Exploration of perceived effects of innovations in postgraduate medical education

Authors


Joanne P I Fokkema, Department of Education, Sint Lucas Andreas Ziekenhuis, Jan Tooropstraat 164, Amsterdam 1061 AE, the Netherlands. Tel: 00 31 6270 56411; E-mail: joanne.fokkema@gmail.com

Abstract

Context  Many studies have examined how educational innovations in postgraduate medical education (PGME) impact on teaching and learning, but little is known about effects in the clinical workplace outside the strictly education-related domain. Insights into the full scope of effects may facilitate the implementation and acceptance of innovations because expectations can be made more realistic, and difficulties and pitfalls anticipated. Using workplace-based assessment (WBA) as a reference case, this study aimed to determine which types of effect are perceived by users of innovations in PGME.

Methods  Focusing on WBA as a recent instance of innovation in PGME, we conducted semi-structured interviews to explore perceptions of the effects of WBA in a purposive sample of Dutch trainees and (lead) consultants in surgical and non-surgical specialties. Interviews conducted in 2011 with 17 participants were analysed thematically using template analysis. To support the exploration of effects outside the domain of education, the study design was informed by theory on the diffusion of innovations.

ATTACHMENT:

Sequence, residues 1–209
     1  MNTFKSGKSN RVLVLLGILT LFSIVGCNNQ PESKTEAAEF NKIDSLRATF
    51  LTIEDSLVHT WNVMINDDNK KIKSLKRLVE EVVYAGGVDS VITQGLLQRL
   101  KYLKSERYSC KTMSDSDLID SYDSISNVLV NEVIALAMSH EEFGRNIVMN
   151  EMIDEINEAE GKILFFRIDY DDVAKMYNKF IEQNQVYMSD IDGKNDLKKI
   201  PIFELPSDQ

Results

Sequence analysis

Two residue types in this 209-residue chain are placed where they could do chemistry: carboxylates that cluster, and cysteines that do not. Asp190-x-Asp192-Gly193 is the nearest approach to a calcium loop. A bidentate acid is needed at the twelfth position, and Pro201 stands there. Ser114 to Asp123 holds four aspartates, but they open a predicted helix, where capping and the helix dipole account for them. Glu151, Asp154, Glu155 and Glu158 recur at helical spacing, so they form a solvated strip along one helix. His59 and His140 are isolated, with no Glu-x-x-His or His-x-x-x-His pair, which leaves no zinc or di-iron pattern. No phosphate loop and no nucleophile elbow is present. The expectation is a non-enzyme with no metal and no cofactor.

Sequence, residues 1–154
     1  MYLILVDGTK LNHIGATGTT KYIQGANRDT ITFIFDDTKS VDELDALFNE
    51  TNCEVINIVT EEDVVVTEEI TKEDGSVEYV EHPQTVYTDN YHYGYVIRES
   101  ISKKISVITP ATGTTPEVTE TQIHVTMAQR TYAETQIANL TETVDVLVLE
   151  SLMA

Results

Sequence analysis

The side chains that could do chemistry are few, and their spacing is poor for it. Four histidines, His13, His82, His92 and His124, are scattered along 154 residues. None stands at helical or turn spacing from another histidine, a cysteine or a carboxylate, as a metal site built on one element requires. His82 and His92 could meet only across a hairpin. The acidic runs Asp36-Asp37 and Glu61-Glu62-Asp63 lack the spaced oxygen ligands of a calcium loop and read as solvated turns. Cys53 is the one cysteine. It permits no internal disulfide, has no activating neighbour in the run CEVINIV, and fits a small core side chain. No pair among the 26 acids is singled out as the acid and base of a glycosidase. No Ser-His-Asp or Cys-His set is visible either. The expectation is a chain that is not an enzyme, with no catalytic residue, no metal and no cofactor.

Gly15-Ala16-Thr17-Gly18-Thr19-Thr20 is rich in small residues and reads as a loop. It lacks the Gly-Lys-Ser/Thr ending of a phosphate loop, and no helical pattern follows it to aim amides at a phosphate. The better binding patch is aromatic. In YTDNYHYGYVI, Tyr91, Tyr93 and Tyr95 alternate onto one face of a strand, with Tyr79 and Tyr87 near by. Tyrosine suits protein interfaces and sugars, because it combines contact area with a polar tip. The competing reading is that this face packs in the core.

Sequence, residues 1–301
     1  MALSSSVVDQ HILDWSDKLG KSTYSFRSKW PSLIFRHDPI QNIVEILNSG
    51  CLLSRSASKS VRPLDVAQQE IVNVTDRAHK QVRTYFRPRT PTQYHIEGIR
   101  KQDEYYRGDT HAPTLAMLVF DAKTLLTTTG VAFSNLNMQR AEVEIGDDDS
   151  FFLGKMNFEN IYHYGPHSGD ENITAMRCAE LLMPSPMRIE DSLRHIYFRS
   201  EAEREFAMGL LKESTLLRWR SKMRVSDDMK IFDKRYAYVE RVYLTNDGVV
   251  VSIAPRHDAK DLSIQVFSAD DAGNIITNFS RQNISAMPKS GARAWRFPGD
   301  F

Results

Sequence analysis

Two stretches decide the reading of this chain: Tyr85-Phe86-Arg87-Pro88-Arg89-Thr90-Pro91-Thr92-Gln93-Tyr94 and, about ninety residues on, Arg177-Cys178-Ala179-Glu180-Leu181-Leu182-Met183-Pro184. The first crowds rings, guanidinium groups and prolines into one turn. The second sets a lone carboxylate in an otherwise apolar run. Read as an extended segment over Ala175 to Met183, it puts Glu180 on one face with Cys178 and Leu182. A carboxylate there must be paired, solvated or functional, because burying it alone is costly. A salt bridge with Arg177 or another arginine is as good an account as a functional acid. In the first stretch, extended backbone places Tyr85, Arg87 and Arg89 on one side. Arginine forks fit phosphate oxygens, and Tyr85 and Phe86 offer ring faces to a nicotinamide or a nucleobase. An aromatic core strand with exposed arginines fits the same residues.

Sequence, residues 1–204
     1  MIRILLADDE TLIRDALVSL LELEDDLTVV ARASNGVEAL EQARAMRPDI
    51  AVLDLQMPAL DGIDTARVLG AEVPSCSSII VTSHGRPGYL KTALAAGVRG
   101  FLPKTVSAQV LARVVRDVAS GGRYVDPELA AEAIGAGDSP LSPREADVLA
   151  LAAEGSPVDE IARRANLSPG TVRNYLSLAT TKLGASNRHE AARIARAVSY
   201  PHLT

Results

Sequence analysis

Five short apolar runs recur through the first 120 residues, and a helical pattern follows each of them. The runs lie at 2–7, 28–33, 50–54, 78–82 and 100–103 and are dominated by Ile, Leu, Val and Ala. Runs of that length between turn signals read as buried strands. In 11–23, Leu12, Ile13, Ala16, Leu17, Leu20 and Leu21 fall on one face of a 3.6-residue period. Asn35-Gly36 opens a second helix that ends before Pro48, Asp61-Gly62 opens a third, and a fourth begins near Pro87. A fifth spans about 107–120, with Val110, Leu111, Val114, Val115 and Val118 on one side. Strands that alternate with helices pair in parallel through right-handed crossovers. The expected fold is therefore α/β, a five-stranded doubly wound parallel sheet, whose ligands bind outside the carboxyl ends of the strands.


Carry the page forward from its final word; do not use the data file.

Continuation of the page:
Results  Six domains of effects of WBA were identified: sentiments (affinity with the innovation and emotions); dealing with the innovation; specialty training; teaching and learning; workload and tasks, and patient care. Users’ affinity with WBA partly determined its effects on teaching and learning. Organisational support and the match between the innovation and routine practice were considered important to minimise additional workload and ensure that WBA was used for relevant rather than easily assessable training activities. Dealing with WBA stimulated attention for specialty training and placed specialty training on the agenda of clinical departments.

Conclusions  These outcomes are in line with theoretical notions regarding innovations in general and may be helpful in the implementation of other innovations in PGME. Given the substantial effects of innovations outside the strictly education-related domain, individuals designing and implementing innovations should consider all potential effects, including those identified in this study.

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